9. Brazil's Supreme Court voted to suspend Speaker of the House Eduardo Cunha from the Congress while he faces corruption charges. He cannot retake his position until the charges are cleared. And being that he's almost certainly guilty, that is unlikely to happen.

    Earlier this week, I wrote that some news played into President Rousseff's narrative that the current anti-corruption actions were actually about pushing her out of office. This move with Cunha is the opposite. Yesterday's move helps the narrative that Brazil's institutions are going to target corrupt officials across party lines, including an ally of the likely next president.

    On the other hand, Cunha was almost universally disliked. Brazil's population wanted him out. While Cunha was a master of playing Brazil's politicians to win the top spot in the lower House of Congress, that doesn't mean he was well liked or even particularly respected. He attempted to turn the impeachment of Rousseff into a way to shore up his own political support and protection, but it apparently didn't work.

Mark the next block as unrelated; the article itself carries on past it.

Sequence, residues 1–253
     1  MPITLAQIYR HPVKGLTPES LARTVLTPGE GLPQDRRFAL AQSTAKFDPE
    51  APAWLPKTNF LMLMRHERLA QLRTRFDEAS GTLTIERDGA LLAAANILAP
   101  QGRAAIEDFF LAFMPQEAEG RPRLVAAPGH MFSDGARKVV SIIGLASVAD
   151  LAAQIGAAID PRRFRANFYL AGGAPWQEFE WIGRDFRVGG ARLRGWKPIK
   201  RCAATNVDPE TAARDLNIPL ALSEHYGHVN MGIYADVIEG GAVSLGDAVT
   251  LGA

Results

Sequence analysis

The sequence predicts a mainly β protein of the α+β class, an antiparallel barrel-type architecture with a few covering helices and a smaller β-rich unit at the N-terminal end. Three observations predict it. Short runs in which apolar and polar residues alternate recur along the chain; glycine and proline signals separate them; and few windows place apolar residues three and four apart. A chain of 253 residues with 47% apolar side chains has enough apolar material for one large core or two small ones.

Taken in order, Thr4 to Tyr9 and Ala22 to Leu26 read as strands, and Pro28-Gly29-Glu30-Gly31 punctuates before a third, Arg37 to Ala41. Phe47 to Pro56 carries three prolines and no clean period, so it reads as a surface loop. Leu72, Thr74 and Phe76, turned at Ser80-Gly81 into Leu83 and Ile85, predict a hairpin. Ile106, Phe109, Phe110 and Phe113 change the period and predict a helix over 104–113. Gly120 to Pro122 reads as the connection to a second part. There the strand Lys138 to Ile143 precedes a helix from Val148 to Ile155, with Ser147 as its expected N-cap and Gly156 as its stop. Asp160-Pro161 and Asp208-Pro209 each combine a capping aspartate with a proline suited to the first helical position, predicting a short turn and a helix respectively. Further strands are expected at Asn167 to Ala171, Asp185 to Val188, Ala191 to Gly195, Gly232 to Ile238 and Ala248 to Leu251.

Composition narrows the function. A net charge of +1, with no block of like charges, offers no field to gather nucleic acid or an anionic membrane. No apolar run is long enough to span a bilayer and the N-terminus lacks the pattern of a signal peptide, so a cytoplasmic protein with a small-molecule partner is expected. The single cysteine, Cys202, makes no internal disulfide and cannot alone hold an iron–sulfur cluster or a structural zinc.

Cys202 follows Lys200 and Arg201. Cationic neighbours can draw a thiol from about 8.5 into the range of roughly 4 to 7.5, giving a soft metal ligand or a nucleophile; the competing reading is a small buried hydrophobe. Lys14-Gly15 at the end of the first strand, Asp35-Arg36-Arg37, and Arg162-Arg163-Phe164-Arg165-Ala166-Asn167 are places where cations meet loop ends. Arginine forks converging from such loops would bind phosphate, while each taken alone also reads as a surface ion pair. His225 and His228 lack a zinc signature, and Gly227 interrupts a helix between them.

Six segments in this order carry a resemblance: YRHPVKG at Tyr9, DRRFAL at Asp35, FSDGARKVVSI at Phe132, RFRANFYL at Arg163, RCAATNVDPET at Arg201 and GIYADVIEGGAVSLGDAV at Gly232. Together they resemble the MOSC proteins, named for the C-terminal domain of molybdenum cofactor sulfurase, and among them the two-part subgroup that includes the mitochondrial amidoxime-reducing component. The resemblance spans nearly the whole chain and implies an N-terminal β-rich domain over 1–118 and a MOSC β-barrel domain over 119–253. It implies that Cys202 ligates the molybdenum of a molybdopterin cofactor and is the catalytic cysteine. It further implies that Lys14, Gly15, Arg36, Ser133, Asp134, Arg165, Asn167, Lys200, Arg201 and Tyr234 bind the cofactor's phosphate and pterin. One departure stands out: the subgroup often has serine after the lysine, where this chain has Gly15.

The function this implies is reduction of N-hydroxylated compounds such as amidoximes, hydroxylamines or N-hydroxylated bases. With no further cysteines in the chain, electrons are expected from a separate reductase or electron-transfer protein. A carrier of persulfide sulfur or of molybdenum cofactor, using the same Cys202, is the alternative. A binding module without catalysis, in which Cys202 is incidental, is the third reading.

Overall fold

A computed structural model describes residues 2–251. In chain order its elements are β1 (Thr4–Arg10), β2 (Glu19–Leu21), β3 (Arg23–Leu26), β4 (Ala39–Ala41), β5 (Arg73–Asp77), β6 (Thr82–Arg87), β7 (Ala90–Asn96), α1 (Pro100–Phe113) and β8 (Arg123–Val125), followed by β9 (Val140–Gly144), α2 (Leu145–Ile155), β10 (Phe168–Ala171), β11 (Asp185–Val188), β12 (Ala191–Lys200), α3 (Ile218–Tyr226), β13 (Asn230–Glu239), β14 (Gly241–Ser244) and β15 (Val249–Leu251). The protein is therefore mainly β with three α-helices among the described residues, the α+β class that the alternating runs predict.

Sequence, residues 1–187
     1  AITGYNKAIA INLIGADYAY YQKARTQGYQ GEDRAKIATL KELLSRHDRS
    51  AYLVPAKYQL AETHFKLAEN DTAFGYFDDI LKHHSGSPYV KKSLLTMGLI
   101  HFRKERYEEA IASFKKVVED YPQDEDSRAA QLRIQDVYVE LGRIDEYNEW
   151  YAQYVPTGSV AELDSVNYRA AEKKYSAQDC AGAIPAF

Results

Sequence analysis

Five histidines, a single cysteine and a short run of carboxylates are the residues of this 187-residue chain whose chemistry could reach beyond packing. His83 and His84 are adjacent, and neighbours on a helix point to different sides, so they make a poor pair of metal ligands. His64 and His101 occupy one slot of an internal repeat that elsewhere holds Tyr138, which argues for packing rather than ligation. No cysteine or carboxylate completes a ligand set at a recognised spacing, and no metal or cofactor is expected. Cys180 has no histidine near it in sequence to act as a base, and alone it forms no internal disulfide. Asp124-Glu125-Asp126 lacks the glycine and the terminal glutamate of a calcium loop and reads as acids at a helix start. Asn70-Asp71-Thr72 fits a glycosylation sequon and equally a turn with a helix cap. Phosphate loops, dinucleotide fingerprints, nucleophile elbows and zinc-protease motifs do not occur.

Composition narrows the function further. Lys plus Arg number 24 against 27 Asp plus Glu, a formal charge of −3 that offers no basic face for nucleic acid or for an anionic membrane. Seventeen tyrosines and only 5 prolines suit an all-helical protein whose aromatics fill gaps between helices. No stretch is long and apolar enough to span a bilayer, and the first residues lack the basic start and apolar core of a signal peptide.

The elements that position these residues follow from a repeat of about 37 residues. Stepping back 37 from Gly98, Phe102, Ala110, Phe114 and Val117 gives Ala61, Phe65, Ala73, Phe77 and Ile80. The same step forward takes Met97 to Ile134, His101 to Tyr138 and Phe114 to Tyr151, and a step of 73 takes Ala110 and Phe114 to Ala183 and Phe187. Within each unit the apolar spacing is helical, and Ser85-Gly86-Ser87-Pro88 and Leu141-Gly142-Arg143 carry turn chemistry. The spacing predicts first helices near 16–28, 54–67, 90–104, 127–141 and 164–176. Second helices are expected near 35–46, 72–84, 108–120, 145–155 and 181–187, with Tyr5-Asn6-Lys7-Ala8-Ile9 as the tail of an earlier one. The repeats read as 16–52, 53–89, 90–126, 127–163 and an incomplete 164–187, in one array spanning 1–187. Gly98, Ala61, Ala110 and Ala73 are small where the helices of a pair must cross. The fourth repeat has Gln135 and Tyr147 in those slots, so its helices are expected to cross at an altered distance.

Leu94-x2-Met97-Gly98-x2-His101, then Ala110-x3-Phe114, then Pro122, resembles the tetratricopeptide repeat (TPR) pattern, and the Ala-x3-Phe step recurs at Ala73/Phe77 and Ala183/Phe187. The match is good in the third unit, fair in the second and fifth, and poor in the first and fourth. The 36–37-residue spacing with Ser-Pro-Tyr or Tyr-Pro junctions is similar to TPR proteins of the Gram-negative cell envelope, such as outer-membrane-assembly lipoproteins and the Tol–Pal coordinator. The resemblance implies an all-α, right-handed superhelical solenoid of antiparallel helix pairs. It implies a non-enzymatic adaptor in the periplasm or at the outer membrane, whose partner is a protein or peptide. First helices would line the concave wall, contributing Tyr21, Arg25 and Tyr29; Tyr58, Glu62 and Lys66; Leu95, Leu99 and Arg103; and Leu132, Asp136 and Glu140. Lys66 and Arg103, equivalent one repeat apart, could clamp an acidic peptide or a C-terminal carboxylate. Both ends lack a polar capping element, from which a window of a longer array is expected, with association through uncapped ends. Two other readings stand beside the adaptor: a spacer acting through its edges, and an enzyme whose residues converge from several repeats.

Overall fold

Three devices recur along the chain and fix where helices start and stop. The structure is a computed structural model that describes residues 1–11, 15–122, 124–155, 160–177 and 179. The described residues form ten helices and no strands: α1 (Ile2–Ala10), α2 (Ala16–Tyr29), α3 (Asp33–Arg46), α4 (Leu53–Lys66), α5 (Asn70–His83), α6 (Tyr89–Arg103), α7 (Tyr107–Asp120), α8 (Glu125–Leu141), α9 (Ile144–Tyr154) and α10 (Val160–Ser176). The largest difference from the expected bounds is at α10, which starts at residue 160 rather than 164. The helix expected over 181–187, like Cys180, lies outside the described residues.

10. El Salvador had its least violent month in over a year in April with only 352 murders, compared to the over 600 murders in each of the first three months of 2016. As InSight Crime suggests, the results are almost certainly due to the decision by gangs to reduce homicides and not due to government policies.

    The government policies are troubling. El Salvador is beginning a new phase of even more brutal mano dura policies to take on the gangs. The Salvadoran government has arrested 18 people who brokered the previous peace deal with the gangs that significantly reduced homicides. The Congress made negotiations with gangs a crime.

    Separately, President Sanchez Ceren has said anyone who supports an anti-corruption unit in El Salvador, similar to the CICIG in Guatemala or the MACCIH in Honduras, is a "golplista."

    The Salvadoran government is not going to arrest or kill its way out of the gang problem. The corruption within the government and business sector is a key institutional weakness in the country that enables violent criminal organizations to grow and succeed. By limiting its options to force and refusing to deal with corruption, the Salvadoran government is likely setting itself up for continued violence that already ranks as among the worst in the world.